Strengthening Constitutional Self-Government

Publications

Silent No Longer

Res Publica

September 2017

by Cheyenne Breitinger

She feels a horrible pain, like no other, as she cries. As if her entire body is on fire and there is no salvation in sight. A young child, a girl, is taken by her mother and female relatives. They hold her down so she cannot move, and though the girl screams and cries they do not stop. While the girl is held down her dress is lifted and one of those in the room, the “cutter,” comes with a knife. She proceeds to mutilate the child, grabbing and cutting off the outer genitalia of the girl. She is then sewn up and the entire procedure occurs with no anesthetic. She is not taken to a hospital or given medicine other than natural herbs. She is taken home where her body slowly heals, even if her mind never will. And though she asks why, she receives no answer.

FGM, female genital mutilation, is no relic of the past. It is still practiced worldwide, though there are laws against it in some countries. It is a reality that far too many women and girls have to live with. It has been found that at least 200 million girls and women have experienced FGM in 30 countries across three continents. And while it does occur in far off countries, tribes of Africa, Middle Eastern countries, it also happens right here in America. In America it is estimated that over 500,000 women and girls are at risk of FGM. Though it has been a crime under federal law since 1996 and is punishable by up to five years in prison, it is not a crime under state law in 25 of the 50 U.S. states. Around the world, 3 million girls every year suffer FGM.

FGM is a procedure involving the partial or total removal of the external female genitalia or injury to the female genital organs for any non-medical reason. This usually includes the removal or cutting of the labia and clitoris. It is a procedure that carries no health benefits and that can be, and often is, dangerous for those upon whom it is forced. Those who have had it done often have many health problems such as severe pain, prolonged bleeding, infection, infertility, and even death. Not to mention the interference experienced in the natural functions of the female body. And it isn’t just a danger for the women, but also for their children. Due to adverse obstetric outcomes, FGM leads to an extra one to two perinatal deaths per 100 deliveries.

FGM can take place for girls in infancy and up to age 15.It occurs for many reasons, most being cultural. By many, it is seen as a rite of passage into womanhood as well a condition of marriage. It is seen as a way to ensure the girl’s virginity and a way to control and prevent premarital sex from taking place. In many communities, FGM is expected and very hard to fight against. The girls themselves have no choice and the parents do not object, as it would lower or even eliminate the likelihood of marriage and could cause the girl to be an outcast within the community.

In America up to 500,000 girls and women are vulnerable to FGM. Many undergo “vacation cutting,” when parents send their daughters to stay with family abroad and force them to endure FGM. In 2013, the Transport for Female Genital Mutilation Act outlawed “vacation cutting,” but it is still widely practiced. Many girls will be told that they are going overseas to learn of their ancestry and to undertake a rite of passage, but little other details are given. This is what happened to “Lesha” who was born and raised in the U.S. She is one of the few survivors of FGM that have shared their story. “My husband will kill me if he ever finds out that I spoke out against FGM and my parents will back him up. But I know that my story needs to be heard,” she said in a 2014 article in Cosmopolitan. “Lesha” was 11 when she went to Guinea for summer vacation with her nine-year-old sister. She survived FGM but, her sister did not. “What I remember is she was blamed for not taking their herbs and everything they were doing to help her, which never included taking her to a doctor.” When “Lesha” came back home, “She was blamed for not surviving, and I was praised for taking it well… no one asked about what happened to her. No one asked why she was just no longer there. I was told to forget it, like it never happened.” This is a reality that is shared among many women and girls in the U.S., but that all too often is ignored.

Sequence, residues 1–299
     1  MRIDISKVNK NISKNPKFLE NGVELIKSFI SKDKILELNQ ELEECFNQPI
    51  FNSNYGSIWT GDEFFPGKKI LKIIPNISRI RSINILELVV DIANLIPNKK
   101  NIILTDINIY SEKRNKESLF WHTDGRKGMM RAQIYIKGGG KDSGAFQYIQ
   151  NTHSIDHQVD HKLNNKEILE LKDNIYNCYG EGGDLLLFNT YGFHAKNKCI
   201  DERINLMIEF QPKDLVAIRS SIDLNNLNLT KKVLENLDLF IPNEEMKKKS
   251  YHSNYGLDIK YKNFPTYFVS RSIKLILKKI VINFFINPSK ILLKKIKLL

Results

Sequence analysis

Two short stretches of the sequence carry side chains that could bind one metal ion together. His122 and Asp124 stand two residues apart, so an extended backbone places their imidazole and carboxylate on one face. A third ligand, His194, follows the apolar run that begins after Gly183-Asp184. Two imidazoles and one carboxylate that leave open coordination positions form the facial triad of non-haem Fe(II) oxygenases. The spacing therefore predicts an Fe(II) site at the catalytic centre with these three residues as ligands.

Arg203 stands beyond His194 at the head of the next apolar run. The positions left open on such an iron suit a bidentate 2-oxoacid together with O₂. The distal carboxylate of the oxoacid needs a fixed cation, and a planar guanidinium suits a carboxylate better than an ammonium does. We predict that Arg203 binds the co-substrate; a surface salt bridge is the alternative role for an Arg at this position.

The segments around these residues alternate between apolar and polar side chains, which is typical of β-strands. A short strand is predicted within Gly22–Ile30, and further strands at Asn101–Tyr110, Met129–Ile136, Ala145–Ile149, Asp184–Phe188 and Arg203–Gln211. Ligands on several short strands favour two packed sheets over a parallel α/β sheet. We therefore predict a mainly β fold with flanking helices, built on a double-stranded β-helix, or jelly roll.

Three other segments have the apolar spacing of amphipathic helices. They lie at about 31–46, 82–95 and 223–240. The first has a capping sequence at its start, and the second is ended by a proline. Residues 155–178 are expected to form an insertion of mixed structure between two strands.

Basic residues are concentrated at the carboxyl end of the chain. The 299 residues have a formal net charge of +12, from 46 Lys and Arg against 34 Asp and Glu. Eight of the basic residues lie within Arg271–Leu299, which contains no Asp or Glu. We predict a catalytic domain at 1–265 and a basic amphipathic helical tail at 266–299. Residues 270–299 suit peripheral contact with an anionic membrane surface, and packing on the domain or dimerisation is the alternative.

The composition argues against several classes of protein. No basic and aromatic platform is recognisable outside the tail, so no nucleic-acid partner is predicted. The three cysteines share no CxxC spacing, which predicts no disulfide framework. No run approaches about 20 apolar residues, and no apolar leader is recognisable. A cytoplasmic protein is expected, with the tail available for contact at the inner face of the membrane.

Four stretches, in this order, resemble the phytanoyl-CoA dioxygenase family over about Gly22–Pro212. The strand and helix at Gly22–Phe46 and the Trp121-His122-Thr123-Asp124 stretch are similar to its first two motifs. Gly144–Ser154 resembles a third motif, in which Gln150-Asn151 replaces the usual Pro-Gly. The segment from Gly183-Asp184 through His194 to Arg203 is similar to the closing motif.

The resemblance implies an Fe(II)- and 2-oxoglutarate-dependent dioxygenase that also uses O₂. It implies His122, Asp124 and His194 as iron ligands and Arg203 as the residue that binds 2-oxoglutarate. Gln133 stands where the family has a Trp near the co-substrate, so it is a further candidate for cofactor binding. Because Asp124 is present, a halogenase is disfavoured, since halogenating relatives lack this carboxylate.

FGM is no remnant of the past, it occurs today in a modern and “civilized” society. It can happen, and is happening, here, in America. Many women and girls, maybe even some you interact with every day, have or will undergo FGM. The pain, health issues, and emotional trauma that are experienced by these women often go untreated due to oppression of these women or lack of knowledgeable care facilities. After a girl has the procedure, many will say that they have finally become women. But can we say the same for ourselves? Can we truly call ourselves men and women while allowing this to go on — while allowing young girls to be mutilated and pretending it doesn’t even happen? The answer is no, this is not something that should be allowed to go on. It is not something to remain silent about any longer